The whole group of nine were onstage for most of the songs, but lead singer Justin Vernon did take a moment to slow things down with a solo song from his first album, For Emma, Forever Ago.  And you knew “Skinny Love” was going to be played…the question was when? And would they do something crazy with it?  When the band said good night, you knew it was coming in the encore. It ended up being the first song—with Justin Vernon on guitar and many of the other musicians providing the hand-clapping and foot stomping beat. It is not worth describing, because I am sure there are many video recordings of this song online. From the back of the lawn, all I saw was a sea of little lights, held arms-length in the air, capturing the song that made Bon Iver popular.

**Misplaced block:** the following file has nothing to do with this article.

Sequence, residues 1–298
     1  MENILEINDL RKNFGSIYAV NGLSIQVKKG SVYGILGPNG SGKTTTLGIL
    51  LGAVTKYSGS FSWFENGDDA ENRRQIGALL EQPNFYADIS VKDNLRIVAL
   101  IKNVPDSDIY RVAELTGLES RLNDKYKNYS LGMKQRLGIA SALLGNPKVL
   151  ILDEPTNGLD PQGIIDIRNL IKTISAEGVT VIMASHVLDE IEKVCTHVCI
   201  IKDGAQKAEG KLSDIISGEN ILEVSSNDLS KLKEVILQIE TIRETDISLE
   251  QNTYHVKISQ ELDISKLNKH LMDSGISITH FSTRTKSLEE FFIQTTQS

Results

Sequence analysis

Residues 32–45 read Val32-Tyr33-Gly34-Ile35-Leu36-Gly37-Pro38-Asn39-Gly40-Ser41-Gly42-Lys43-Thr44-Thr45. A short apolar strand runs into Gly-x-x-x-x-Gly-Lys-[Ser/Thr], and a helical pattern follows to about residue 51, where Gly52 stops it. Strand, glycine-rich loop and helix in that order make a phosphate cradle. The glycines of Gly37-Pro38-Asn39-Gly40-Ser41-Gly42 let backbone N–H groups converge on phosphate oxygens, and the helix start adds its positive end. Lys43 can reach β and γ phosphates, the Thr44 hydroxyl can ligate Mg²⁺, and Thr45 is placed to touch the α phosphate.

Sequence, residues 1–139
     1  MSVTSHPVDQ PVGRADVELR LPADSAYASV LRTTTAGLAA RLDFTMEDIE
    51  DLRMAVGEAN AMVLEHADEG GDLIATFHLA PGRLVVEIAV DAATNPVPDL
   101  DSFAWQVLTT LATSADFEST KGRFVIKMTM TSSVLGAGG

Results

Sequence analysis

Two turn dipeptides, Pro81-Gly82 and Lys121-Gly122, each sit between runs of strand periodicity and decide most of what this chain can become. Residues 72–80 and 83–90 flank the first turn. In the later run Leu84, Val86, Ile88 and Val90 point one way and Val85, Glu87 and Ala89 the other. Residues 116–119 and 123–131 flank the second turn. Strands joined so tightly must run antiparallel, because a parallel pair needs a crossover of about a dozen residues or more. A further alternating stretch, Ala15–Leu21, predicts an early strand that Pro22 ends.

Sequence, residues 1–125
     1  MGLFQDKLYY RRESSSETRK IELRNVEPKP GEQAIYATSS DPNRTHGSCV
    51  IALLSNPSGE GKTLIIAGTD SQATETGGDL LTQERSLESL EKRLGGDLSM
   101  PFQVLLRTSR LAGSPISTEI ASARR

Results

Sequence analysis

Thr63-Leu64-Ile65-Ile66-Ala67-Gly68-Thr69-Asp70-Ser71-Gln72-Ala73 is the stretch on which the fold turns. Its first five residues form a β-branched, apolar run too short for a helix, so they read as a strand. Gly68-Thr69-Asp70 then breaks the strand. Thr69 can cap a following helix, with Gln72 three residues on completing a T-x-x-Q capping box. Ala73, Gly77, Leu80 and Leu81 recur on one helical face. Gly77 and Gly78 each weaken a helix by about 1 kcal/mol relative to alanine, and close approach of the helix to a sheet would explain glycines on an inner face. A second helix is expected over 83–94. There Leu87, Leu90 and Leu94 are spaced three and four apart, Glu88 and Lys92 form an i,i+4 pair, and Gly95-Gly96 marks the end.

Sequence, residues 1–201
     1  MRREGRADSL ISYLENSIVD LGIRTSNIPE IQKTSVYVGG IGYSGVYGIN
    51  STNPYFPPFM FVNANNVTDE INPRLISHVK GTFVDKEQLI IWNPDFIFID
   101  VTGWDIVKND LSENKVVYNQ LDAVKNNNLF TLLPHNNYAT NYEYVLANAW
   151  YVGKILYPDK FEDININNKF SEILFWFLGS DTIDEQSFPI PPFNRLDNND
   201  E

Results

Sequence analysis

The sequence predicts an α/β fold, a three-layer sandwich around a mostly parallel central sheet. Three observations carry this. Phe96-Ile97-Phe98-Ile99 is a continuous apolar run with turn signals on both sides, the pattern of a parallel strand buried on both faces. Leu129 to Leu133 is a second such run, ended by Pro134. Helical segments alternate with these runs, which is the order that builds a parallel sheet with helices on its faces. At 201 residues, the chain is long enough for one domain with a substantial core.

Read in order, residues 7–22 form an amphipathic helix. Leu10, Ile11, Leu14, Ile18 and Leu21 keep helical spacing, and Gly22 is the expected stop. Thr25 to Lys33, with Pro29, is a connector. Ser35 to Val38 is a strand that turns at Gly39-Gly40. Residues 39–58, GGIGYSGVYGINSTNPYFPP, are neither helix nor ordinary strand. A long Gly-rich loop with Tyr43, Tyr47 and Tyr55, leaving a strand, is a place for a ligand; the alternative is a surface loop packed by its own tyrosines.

I have no idea if this big band set-up was special for this tour, or if it will stick around, but last night Bon Iver proved that their songs can certainly demand attention in the vast open air arena, and that they can most definitely headline a big show. I thank them very much for proving me wrong.

The Rosebuds:


I am proud to report that the album that I nominated as Best 2009 Album Never Released is now making its long-awaited debut. It’s not a total surprise, as We Are Augustines has promised that the album would at some point see the light of day, but it’s so great that the time has finally come.